Even as the majority opinion in the endocrinology fraternity seems to be critical of the decision ' to defend which the ministry has little more to show than a letter from a Chennai diabetologist professing a urinary bladder link to the drug and a ban in France ' the drug regulator continues to tie itself in knots to rationalise it. Drug Controller General of India Dr G N Singh said that patient safety is paramount. "It doesn't matter one person wrote to us. A whistleblower is always one," he said.
Interestingly, the man he is trying to defend, Dr V Mohan of Dr Mohan's Diabetes Specialities Centre, whose letter seems to have triggered the sudden antipathy in the ministry to the drug that is in use in the US, UK, Canada, Australia, is up in arms against the lack of a pharmacovigilance programme in India. "I had written that letter in good faith, in the interest of my patients and not to benefit some drug company. It is the duty of the DCGI to commission a study. But the DCGI does not know how it operates. They should have called the expert committee meeting earlier," he said.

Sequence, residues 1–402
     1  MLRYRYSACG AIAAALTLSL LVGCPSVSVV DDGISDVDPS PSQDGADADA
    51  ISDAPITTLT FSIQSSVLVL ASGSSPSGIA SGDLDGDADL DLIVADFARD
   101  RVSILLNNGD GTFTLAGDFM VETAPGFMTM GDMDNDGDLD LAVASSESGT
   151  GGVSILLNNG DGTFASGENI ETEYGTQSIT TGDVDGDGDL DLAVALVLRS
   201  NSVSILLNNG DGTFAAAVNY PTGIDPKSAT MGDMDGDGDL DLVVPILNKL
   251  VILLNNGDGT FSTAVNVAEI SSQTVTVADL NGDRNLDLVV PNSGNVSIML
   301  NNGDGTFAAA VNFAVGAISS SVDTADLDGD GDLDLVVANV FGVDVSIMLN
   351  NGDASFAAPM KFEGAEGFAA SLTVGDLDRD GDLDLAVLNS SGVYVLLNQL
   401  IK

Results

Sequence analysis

His centre, along with the Public Health Foundation of India, had received an unrestricted educational grant from MSD pharmaceuticals, the Indian subsidiary of US drug company Merck whose product Sitagliptin would be the biggest gainer from the pioglitazone ban. He conceded that he could have called for a study rather than gunning for a ban.